However, it is to be noted that this is only to be done for editions and not reprints. In case of Reprints, only the year of the reprint being cited is required.
 


B. Citing and Referencing other forms of Source Materials

1. Citing and Referencing Newspaper Article/Report

The name of the author and the name the newspaper should be placed within the main body of the text. If the report does not mention the author, the name of the newspaper must be placed within the main body of the text. The in-text citation should carry the date of the article and the page number.

For instance,

Writing on the not much seen softer side of Australians, Sundaresan in his article in the national daily The Indian Express writes, ‘…Not to say that they are rude. They’re not. They’re a courteous lot… But Down Under, they don’t believe in giving a quarter, not that they expect one from you.’ (4/12/2014: 18).

Or

A report in The Indian Express highlights just how dangerous the mining profession in India truly is (4/12/2014: 2)

The details of the work in the Reference List should be listed as:

“Just for Once, Aussies Show They Have a Softer Side too.” Sundaresan Bharat, The Indian Express, 4/12/2014: 18.

<“Name of the Article.”> <Name of the Author,> <Name of the Newspaper,> <dd/mm/yyyy>:<page/s.>

Or as follows, if the author of the Article or the Report is not provided,

“One Death Every Third Day in India’s Most Dangerous Job.” The Indian Express, 4/12/2014: 2.

<“Name of the Article.”> <Name of the Newspaper,> <dd/mm/yyyy>:<page/s.>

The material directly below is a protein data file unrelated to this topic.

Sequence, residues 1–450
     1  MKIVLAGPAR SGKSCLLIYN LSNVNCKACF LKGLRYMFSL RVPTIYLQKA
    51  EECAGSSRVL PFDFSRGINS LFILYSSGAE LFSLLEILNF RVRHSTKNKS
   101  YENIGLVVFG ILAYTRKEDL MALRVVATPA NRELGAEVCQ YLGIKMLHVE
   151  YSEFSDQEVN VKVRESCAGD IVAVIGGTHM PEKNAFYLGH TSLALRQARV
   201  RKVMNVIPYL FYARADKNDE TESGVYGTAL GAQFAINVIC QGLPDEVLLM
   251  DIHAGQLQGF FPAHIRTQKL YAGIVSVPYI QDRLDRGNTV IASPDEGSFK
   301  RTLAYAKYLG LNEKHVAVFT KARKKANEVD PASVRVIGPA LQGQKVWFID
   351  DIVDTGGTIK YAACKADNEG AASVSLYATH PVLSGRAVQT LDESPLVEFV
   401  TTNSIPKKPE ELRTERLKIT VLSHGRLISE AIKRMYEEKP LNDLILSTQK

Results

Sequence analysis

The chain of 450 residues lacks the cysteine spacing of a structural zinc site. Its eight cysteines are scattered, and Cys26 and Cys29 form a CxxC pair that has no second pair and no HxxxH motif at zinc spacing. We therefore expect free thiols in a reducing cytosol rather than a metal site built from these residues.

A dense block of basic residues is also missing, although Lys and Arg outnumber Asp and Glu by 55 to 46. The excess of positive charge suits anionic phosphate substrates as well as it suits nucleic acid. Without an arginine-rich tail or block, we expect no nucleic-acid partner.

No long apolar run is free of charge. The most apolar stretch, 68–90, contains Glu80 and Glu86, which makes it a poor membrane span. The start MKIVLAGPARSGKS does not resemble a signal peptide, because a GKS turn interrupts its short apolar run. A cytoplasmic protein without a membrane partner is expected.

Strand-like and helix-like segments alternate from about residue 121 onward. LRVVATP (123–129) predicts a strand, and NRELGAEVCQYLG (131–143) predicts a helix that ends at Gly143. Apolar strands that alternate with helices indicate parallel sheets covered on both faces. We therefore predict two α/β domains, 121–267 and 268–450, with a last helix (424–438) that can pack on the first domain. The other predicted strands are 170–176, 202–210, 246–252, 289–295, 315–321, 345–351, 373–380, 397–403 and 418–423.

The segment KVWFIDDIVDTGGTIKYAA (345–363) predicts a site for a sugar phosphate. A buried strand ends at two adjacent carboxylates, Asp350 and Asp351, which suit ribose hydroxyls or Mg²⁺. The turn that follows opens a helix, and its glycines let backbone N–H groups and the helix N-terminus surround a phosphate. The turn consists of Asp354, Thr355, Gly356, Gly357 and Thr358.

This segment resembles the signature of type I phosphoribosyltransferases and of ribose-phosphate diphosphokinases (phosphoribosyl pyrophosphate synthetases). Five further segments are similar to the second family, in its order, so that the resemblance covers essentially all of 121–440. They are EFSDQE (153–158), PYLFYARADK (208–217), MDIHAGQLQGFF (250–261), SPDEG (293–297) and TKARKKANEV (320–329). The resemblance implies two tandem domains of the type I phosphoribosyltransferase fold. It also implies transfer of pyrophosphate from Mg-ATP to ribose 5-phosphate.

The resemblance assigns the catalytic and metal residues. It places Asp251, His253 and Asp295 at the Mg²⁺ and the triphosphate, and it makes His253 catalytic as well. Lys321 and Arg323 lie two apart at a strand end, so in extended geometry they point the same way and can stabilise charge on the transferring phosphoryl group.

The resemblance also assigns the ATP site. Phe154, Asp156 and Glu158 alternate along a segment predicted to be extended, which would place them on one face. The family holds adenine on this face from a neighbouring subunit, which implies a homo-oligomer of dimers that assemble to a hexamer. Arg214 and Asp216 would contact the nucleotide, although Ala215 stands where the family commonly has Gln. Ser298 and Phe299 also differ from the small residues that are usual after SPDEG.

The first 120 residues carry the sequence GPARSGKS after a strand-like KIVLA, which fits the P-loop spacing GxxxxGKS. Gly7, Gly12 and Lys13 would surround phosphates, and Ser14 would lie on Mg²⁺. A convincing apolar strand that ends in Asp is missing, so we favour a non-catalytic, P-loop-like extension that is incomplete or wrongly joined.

Note:

In case the Article or the Report has been accessed online, the date of access along with the URL to the Article/Report page/s must be provided along with the other details.

For instance, in case the second article cited above is accessed online, the details of the work in the Reference List should be listed as

“One Death Every Third Day in India’s Most Dangerous Job.” The Indian Express, 4/12/2014: 2. Accessed on 6/12/2014: < http://epaper.indianexpress.com/389184/Chandigarh/05-December-2014#page/...

<“Name of the Article.”> <Name of the Newspaper,> <dd/mm/yyyy>:<page/s.> <Accessed on dd/mm/yyyy>: <<URL>>

 

2. Citing and Referencing Articles/ Reports in Magazines

The name of the author and the name the magazine should be placed within the main body of the text. If the Article/Report does not mention the author, the name of the magazine must be placed within the main body of the text. The in-text citation should carry the page number.

If the magazine has a Volume number and/or an Issue number, they should be mentioned following the standard journal citation style in the reference section. If not, then the dates should be mentioned.

“Sorrow on the Mountain.” Chip Brown, National Geographic, November 2014: 57-91.

<“Name of the Article.”> <Name of the Author,> <Name of the Magazine,> <Date as it appears on the magazine cover>:<page/s.>

Or

“Russia’s Wounded Economy.” The Economist. November 22nd-28th November 2014 [413(8914)]: 11.